“We know birds cope amazingly well in conditions which challenge engineered air vehicles of a similar size but, until now, we didn’t understand the mechanics behind it,” said Dr Windsor.

The study, published in Proceedings of the Royal Society B, reveals how bird wings act as a suspension system to cope with changing wind conditions. The team, which included Bristol PhD student Nicholas Durston and researchers Jialei Song and James Usherwood from Dongguan University of Technology in China and the RVC respectively, used an innovative combination of high-speed, video-based 3D surface reconstruction, computed tomography (CT) scans, and computational fluid dynamics (CFD) to understand how birds ‘reject’ gusts through wing morphing, i.e. by changing the shape and posture of their wings.

In the experiment, conducted in the Structure and Motion Laboratory at the Royal Veterinary College, the team filmed Lily, a barn owl, gliding through a range of fan-generated vertical gusts, the strongest of which was as fast as her flight speed. Lily is a trained falconry bird who is a veteran of many nature documentaries, so wasn’t fazed in the least by all the lights and cameras. “We began with very gentle gusts in case Lily had any difficulties, but soon found that – even at the highest gust speeds we could make – Lily was unperturbed; she flew straight through to get the food reward being held by her trainer, Lloyd Buck,” commented Professor Richard Bomphrey of the Royal Veterinary College.

“Lily flew through the bumpy gusts and consistently kept her head and torso amazingly stable over the trajectory, as if she was flying with a suspension system. When we analysed it, what surprised us was that the suspension-system effect wasn’t just due to aerodynamics, but benefited from the mass in her wings. For reference, each of our upper limbs is about 5% of our body weight; for a bird it’s about double, and they use that mass to effectively absorb the gust,” said joint lead-author Dr Jorn Cheney from the Royal Veterinary College.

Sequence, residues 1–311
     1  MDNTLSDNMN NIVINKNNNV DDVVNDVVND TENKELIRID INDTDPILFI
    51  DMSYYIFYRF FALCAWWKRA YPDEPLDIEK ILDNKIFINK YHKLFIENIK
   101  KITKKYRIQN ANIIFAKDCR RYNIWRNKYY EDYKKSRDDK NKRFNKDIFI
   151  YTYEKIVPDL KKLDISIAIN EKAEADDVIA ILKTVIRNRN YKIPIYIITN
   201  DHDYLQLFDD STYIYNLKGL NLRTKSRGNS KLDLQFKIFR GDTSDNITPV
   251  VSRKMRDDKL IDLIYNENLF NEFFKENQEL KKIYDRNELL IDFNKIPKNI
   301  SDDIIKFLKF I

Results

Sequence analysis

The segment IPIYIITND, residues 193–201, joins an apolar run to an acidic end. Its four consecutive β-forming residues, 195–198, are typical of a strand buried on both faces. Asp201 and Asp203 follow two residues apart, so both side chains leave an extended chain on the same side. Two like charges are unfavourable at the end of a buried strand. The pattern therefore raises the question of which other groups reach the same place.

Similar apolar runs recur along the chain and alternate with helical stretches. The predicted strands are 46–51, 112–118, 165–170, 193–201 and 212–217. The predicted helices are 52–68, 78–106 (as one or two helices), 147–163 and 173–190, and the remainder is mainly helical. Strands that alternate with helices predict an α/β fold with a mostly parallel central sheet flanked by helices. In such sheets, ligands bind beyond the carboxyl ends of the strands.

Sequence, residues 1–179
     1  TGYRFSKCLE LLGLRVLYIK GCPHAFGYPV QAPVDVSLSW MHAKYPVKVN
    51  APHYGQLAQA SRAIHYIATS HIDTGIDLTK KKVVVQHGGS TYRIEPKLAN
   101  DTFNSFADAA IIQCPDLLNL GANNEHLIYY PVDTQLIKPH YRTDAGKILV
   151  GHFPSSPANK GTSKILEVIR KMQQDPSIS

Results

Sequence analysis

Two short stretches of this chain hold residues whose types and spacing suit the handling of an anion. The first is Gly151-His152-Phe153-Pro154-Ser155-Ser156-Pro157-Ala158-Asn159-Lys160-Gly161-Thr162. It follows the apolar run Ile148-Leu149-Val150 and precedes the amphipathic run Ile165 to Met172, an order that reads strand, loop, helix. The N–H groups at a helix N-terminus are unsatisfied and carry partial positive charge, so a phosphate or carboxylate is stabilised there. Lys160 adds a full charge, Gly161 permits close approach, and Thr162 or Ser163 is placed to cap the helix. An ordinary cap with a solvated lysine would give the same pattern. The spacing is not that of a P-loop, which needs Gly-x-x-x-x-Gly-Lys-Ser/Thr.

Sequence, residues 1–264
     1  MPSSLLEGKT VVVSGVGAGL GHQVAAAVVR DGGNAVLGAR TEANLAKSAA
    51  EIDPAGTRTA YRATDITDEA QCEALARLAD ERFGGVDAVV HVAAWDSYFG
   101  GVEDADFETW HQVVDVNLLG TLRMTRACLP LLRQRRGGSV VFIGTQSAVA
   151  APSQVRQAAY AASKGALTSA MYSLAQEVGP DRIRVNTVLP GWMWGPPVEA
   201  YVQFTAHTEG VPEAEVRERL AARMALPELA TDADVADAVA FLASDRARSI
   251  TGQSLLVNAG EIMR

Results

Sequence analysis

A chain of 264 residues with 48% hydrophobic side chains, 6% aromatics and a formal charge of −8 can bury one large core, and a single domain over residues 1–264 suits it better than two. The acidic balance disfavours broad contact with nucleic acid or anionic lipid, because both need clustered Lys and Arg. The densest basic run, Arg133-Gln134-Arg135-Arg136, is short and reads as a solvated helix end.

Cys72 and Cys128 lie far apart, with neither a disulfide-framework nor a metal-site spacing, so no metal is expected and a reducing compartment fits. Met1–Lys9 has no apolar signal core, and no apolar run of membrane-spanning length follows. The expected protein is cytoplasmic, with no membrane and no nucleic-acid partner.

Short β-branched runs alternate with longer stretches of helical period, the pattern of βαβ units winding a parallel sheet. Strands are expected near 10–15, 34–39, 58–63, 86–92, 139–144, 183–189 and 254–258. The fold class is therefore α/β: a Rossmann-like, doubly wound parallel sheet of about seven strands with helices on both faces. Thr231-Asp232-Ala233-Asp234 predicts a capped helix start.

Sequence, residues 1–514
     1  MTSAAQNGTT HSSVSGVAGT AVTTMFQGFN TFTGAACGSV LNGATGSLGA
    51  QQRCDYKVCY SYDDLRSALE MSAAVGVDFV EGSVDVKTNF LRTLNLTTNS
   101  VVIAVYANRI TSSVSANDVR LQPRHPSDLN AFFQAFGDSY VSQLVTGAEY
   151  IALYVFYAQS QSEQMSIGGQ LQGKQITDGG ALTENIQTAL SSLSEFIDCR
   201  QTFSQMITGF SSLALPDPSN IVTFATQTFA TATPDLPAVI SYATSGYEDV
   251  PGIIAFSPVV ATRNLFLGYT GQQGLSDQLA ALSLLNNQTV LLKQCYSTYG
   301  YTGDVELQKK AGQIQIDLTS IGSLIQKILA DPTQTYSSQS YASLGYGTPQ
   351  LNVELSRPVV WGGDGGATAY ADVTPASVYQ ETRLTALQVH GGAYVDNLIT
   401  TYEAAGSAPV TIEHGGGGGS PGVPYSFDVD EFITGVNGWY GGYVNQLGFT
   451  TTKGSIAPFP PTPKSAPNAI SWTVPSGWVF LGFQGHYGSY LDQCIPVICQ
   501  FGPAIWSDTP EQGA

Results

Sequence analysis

“Perhaps most exciting is the discovery that the very fastest part of the suspension effect is built into the mechanics of the wings, so birds don’t actively need to do anything for it to work. The mechanics are very elegant. When you strike a ball at the sweetspot of a bat or racquet, your hand is not jarred because the force there cancels out. Anyone who plays a bat-and-ball sport knows how effortless this feels. A wing has a sweetspot, just like a bat. Our analysis suggests that the force of the gust acts near this sweetspot and this markedly reduces the disturbance to the body during the first fraction of a second. The process is automatic and buys just enough time for other clever stabilising processes to kick in,” added joint lead-author, Dr Jonathan Stevenson from the University of Bristol.

Dr Windsor said the next step for the research, which was funded by the European Research Council (ERC), Air Force Office of Scientific Research and the Wellcome Trust, is to develop bio-inspired suspension systems for small-scale aircraft.

Robots can now learn to swarm on the go

A new generation of swarming robots which can independently learn and evolve new behaviours in the wild is one step closer, thanks to research from the University of Bristol and the University of the West of England (UWE).

The team used artificial evolution to enable the robots to automatically learn swarm behaviours which are understandable to humans. This new advance published this Friday in Advanced Intelligent Systems, could create new robotic possibilities for environmental monitoring, disaster recovery, infrastructure maintenance, logistics and agriculture. Read More